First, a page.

Prescriptions can have uncomfortable – sometimes dangerous – side effects.
It’s much better to increase your resilience through healthy living than to hope doctors can pick up the pieces. Everybody has the responsibility to reduce consumption and prepare for climate impacts – at home and at work.
But, as the years race past 2030 towards 2050…
It will fall to regulators – including the Environment Agency – to ensure businesses do this.
We don’t want to punish laggards.
We want to see businesses succeed.
We want to see them prosper.
We want to see them lead.
That means, we cannot be spectators.
Our new draft strategy for dealing with flooding and coastal change aims to ensure the whole country is preparing for a range of climate futures, including a 4°C rise in global temperatures.
We say a nationwide standard of flood resilience – as recommended in the National Infrastructure Assessment – would improve the capacity of people to live with flooding and coastal change.
To explore this, we want to work with partners to develop a suite of tools that can be used in combination to deliver resilience.
This could include traditional defences, natural flood management, ensuring new development is safe from flood risk, property alterations, and giving communities choices about how they adapt to a range of climate futures.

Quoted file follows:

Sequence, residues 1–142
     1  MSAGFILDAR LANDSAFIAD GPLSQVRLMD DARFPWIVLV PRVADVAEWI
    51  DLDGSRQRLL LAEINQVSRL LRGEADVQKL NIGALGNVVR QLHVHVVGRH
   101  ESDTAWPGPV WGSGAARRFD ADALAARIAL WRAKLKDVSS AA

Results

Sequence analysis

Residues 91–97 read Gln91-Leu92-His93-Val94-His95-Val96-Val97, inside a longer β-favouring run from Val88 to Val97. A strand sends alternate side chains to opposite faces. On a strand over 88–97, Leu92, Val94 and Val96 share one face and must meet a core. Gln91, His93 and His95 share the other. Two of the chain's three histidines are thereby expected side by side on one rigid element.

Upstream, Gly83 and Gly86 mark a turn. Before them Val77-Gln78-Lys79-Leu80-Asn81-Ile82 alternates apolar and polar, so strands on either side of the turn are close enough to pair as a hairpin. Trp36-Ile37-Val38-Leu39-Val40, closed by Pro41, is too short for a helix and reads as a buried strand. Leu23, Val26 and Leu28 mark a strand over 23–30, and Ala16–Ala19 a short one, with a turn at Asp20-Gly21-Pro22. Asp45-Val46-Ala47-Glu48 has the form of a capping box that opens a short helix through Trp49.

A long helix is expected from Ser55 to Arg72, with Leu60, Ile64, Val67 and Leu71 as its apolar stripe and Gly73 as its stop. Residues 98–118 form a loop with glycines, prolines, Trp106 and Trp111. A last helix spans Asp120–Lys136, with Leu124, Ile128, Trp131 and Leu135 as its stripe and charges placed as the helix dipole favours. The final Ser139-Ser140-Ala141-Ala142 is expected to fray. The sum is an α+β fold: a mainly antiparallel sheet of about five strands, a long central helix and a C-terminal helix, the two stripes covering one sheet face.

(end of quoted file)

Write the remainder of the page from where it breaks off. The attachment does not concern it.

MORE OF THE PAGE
The costs of making homes, businesses and infrastructure more resilient are far smaller than repairing damage.
The National Audit Office says for every £1 spent on protecting communities, around £9 in property damages and wider impacts is avoided.
But, we have always been clear: preparing for these impacts is no panacea for rising global temperatures.
We urgently need to reduce emissions. And we all need to play a part.
Today, the Environment Agency has set itself the goal of becoming a net zero organisation by 2030.
That means we will be taking as much carbon out of the atmosphere as we are putting into it, so that we are no longer contributing to climate change.
We will adopt a tough, internationally recognised definition of net zero.
That includes: the carbon we produce ourselves (which is currently 44,000 tonnes a year).
And, the carbon we consume through our supply chain (136,000 tonnes a year).
We will achieve this by reducing our emissions 45 per cent by 2030, and offsetting what remains through activities including tree planting, restoring soil quality and peat bogs.
We know we can reduce emissions because we already have done so.